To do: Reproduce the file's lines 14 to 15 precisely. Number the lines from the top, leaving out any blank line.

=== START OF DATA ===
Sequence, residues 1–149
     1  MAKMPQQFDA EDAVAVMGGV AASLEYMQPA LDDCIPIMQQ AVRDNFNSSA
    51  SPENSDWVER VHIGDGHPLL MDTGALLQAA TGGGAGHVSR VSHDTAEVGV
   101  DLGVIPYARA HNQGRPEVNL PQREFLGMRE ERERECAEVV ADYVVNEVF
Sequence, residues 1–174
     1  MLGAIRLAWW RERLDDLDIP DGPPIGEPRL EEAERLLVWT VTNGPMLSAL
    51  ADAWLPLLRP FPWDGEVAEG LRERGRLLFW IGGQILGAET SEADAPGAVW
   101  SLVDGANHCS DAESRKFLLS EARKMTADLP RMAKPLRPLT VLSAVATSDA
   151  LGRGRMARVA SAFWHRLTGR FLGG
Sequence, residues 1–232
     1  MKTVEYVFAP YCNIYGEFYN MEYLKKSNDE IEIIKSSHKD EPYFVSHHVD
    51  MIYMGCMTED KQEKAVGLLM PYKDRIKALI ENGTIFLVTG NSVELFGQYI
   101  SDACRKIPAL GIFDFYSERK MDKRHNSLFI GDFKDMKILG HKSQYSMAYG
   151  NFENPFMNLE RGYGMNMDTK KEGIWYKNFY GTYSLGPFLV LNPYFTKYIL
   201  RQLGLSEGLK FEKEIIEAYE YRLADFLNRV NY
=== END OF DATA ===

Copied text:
   151  NFENPFMNLE RGYGMNMDTK KEGIWYKNFY GTYSLGPFLV LNPYFTKYIL
   201  RQLGLSEGLK FEKEIIEAYE YRLADFLNRV NY